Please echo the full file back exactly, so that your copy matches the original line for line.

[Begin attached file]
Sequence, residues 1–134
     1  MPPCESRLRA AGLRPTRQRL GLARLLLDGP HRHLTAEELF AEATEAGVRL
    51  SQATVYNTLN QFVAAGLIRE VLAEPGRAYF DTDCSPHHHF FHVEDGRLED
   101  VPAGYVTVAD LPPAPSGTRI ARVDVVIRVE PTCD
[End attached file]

Sequence, residues 1–134
     1  MPPCESRLRA AGLRPTRQRL GLARLLLDGP HRHLTAEELF AEATEAGVRL
    51  SQATVYNTLN QFVAAGLIRE VLAEPGRAYF DTDCSPHHHF FHVEDGRLED
   101  VPAGYVTVAD LPPAPSGTRI ARVDVVIRVE PTCD